FROST LINE

How do I find out the depths of frost lines in different cities/
states? Is there a free internet source for this information?
Thanks.
Reply to
hdmundt
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On Sep 16, 8:44 pm, jJim McLaughlin wrote:
I did that. I got a lot of redundant posts regarding heaving, but nothing like a table of frost lines by city. Thanks a lot, Jim. At least try not to assume that you're the Google guru and no one else is capable of doing some basic research. I'll wait for a more helpful response. I won't assume you're the best this group has to offer.
Reply to
hdmundt
The local building permit/inspection office in each city will know the depth, based on how far down they require footings to be. Local ag extension office will probably know, too. NOAA web site has a map, but it covers whole country, so minor variations are probably not accounted for.
aem sends...
Reply to
aemeijers
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Thank you. I'm not a contractor, I don't know the lingo. I'm just a feller considering digging some post holes for a small deck, (precisely why I came to this group looking for help). My queries didn't include the word "map". Thank you, again, for a helpful reply to my post.
Reply to
hdmundt
SNIP HAPPENS
So, rather than an academic interest in frost line depths generally, you were actually looking for data for a specific locating in which you were planting posts for a deck?
You really are a jerk.
Ask your local building permit folks, and stop wasting the time and energy of the folks who regularly post here who give decent responses.
I'm not the google guru.
You, however, looking for frost line data for a specific location for a specific deck application should have enough sense to ask the local building permit / code folks.
Maroon.
You go straight to the bit bucket.
Reply to
jJim McLaughlin
Don't believe the map, it shows my area at 35 inches, where the legal depth requirement is 48" and frost has been found at 60 inches. You need to check, with a simple phone call, or possibly your town's web site, to find what the legal depth requirement for frost proofing is in your locality.
Reply to
EXT
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Ask the inspector that needs to measure your holes before you pour the footings. Just because a map says something, does not mean your municipality has a different depth they mandate for post holes.
Reply to
RickH
It would seem that your local county extension agent would have that info. Frost lines vary depending on severity of winter. Another way to find out is to call a local cemetery. Gravediggers deal with frost all the time.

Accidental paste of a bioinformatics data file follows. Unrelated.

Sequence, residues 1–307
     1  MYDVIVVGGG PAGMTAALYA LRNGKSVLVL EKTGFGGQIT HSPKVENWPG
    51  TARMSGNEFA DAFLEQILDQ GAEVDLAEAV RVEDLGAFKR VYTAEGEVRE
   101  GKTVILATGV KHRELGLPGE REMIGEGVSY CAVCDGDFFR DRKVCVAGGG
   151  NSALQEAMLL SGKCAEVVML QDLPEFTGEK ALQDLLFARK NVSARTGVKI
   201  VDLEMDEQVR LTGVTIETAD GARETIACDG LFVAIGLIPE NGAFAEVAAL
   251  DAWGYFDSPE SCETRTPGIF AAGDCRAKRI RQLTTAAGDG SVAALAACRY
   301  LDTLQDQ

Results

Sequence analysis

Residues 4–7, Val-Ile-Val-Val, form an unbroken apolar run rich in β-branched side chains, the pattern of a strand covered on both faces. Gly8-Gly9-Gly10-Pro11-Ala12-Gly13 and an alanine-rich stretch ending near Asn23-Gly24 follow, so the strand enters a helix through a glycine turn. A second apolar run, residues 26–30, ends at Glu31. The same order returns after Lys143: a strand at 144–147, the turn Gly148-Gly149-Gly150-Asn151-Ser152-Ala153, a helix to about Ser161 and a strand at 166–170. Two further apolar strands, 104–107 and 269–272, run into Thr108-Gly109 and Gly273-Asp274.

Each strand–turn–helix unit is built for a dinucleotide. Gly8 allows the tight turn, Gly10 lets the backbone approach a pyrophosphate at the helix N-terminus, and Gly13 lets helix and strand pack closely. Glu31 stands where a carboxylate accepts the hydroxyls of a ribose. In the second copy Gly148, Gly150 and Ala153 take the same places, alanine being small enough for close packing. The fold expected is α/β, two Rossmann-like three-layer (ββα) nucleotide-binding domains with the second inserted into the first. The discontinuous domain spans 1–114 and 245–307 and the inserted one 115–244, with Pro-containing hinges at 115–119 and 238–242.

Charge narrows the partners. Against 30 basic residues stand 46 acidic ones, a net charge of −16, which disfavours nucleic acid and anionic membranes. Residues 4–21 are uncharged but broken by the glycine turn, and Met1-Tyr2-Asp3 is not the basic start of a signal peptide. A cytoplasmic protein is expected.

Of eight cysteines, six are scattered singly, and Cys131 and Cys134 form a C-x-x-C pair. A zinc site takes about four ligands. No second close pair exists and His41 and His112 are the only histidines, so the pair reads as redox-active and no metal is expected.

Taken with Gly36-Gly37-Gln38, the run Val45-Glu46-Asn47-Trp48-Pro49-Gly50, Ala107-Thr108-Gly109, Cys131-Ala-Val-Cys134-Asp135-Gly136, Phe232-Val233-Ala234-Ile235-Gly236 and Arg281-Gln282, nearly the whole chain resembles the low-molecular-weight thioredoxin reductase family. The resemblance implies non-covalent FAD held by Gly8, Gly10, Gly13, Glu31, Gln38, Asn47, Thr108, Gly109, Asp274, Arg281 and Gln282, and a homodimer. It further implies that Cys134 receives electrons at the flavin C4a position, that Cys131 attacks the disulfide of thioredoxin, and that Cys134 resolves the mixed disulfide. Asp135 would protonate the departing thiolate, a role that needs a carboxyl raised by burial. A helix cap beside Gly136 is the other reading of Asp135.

Reply to
franz frippl
The map shows 27" for my area. I called the County Extension service & they said it was 42". - - - - - - - - - - - - - - - - - - - - - - - - - - - - - - - - - - - Retired Shop Rat: 14,647 days in a GM plant. Now I can do what I enjoy: Large Format Photography
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Reply to
David Starr
-- re: Don't believe the map
Do believe the map. It shows the official frost line, as determined by the U.S. Department of Commerce Weather Bureau, for the areas outlined.
The map does not purport to tell us how deep to place our foundations or fence posts. That depth, as many have mentioned in this thread, is determined by whatever agency is responsible for the building codes in our area. There are many more factors, besides the frost line, that go into how deep to place a foundation or fence post in any given area.
So go ahead and believe the map - but only for what it is telling us.
Reply to
DerbyDad03
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- Ask the inspector that needs to measure your holes before you pour the - footings. Just because a map says something, does not mean your - municipality has a different depth they mandate for post holes
I dug ten 48" deep holes for my deck in very sandy soil. Between the time I dug them and the time the inspector was due to come to the house, it was expected to rain. I covered each hole with a scrap of wood to keep the rain out so they wouldn't collapse.
The inspector came out on a drizzly day and as my wife stuck her head out of the window, he slid one of the covers off with his foot and asked my wife "Is that a 48" hole?"
Wife: "Yes it is." Inspector: "And I'll bet there's a 48" hole under every one of those pieces of wood, right?" Wife: "Yes, there is." Inspector, sliding the cover back over the hole, "OK, you're all set."
Reply to
DerbyDad03

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